Dynamic Games and Applications

, Volume 8, Issue 2, pp 232–253 | Cite as

Intertemporal Non-separability and Dynamic Oligopoly

  • Curtis Eberwein
  • Ted To


We construct a framework for modeling dynamic Cournot oligopoly. We consider models where utility maximizing consumers give rise to demand functions that depend on current and prior period prices. Future demand depends on the current price and consumers, and firms must take this into account when making their decisions. Focusing on problems that yield dynamic demand functions that are linear in current and prior period price, we characterize the unique Markov perfect equilibrium in linear strategies. We then demonstrate the applicability of our framework through a series of practical examples.


Dynamic oligopoly Durable goods Habit persistence Inventories 

JEL Classification

C73 D21 D43 



We thank two anonymous referees for helpful comments and suggestions. The views expressed are those of the authors and do not necessarily reflect those of the Bureau of Labor Statistics.


  1. 1.
    Becker GS, Murphy KM (1988) A theory of rational addiction. J Polit Econ 96(4):675–700CrossRefGoogle Scholar
  2. 2.
    Bils M, Klenow PJ (2004) Some evidence on the importance of sticky prices. J Polit Econ 112(5):947–985CrossRefGoogle Scholar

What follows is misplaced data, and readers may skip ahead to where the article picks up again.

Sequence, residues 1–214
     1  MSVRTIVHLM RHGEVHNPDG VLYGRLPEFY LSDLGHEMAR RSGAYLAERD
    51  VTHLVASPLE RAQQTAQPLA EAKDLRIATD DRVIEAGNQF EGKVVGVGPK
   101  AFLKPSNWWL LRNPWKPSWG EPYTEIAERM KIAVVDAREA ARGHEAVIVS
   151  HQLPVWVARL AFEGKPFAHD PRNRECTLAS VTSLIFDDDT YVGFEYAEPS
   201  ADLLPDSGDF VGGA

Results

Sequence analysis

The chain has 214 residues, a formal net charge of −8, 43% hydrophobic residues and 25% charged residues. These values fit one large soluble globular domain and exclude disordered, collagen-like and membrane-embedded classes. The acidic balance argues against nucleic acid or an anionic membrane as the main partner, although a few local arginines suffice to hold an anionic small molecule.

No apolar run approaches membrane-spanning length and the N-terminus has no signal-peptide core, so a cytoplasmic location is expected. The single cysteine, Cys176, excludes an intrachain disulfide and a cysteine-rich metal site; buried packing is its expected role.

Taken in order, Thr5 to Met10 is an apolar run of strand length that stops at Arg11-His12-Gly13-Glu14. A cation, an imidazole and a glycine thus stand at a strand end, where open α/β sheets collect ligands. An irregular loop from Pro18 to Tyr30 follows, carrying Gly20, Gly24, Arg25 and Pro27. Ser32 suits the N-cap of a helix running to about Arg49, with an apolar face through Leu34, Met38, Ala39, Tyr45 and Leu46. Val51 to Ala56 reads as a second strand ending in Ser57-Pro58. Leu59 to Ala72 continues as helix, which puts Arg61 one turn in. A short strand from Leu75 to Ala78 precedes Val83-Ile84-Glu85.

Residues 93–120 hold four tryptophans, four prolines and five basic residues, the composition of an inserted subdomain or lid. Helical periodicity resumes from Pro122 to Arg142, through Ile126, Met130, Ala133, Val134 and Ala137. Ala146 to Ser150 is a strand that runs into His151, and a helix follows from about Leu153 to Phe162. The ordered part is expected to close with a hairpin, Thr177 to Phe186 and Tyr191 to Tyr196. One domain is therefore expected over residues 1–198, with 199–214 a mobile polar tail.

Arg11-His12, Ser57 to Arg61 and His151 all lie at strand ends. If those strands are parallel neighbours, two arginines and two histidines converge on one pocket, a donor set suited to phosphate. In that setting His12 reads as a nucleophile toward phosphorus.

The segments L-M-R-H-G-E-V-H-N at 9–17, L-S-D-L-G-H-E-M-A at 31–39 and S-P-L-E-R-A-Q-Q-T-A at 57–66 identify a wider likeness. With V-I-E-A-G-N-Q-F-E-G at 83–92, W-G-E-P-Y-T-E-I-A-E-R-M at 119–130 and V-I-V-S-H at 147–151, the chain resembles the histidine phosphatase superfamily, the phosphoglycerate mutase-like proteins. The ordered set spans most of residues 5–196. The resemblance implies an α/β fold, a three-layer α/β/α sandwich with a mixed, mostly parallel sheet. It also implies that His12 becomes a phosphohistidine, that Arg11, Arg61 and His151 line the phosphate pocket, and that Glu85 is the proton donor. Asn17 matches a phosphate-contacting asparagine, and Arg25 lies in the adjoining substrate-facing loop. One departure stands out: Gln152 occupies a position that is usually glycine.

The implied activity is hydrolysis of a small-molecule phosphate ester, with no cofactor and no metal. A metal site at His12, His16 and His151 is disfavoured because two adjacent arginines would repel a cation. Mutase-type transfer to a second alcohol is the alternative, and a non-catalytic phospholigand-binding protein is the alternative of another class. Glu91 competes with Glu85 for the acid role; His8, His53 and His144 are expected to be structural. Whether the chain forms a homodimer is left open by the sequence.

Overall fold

3. 3.
    Bond EW, Samuelson L (1984) Durable goods monopolies with rational expectations. RAND J Econ 15:336–345MathSciNetCrossRefGoogle Scholar
  4. 4.
    Bulow J (1982) Durable-goods monopolists. J Polit Econ 1982:314–332CrossRefGoogle Scholar
  5. 5.
    Carlton DW (1986) The rigidity of prices. Am Econ Rev 76:637–658Google Scholar
  6. 6.
    Caucutt EM, Ghosh M, Kelton CM (1999) Durability versus concentration as an explanation for price inflexibility. Rev Ind Organ 14:27–50CrossRefGoogle Scholar
  7. 7.
    Cooper R, Haltiwanger J (1990) Inventories and the propagation of sectoral shocks. Am Econ Rev 80(1):170–190Google Scholar
  8. 8.
    Driskill R (1997) Durable-goods monopoly, increasing marginal cost and depreciation. Economica 64(253):137–154CrossRefGoogle Scholar
  9. 9.
    Driskill R (2001) Durable goods oligopoly. Int J Ind Organ 19(3–4):391–413CrossRefGoogle Scholar
  10. 10.
    Driskill R, McCafferty S (2001) Monopoly and oligopoly provision of addictive goods. Int Econ Rev 42(1):43–72MathSciNetCrossRefGoogle Scholar
  11. 11.
    Dudine P, Hendel I, Lizzeri A (2006) Storable good monopoly: the role of commitment. Am Econ Rev 96(5):1706–1719CrossRefGoogle Scholar
  12. 12.
    Fethke G, Jagannathan R (1996) Habit persistence, heterogeneous tastes, and imperfect competition. J Econ Dyn Control 20:1193–1207CrossRefzbMATHGoogle Scholar
  13. 13.
    Hall RE (1988) Intertemporal substitution in consumption. J Polit Econ 96:339–357CrossRefGoogle Scholar
  14. 14.
    Stokey N (1981) Rational expectations and durable goods pricing. Bell J Econ 12:112–128MathSciNetCrossRefGoogle Scholar

Copyright information

© Springer Science+Business Media New York (outside the USA) 2017

Authors and Affiliations

  1. 1.Center for Human Resource ResearchOhio State UniversityColumbusUSA
  2. 2.Bureau of Labor StatisticsWashingtonUSA

Personalised recommendations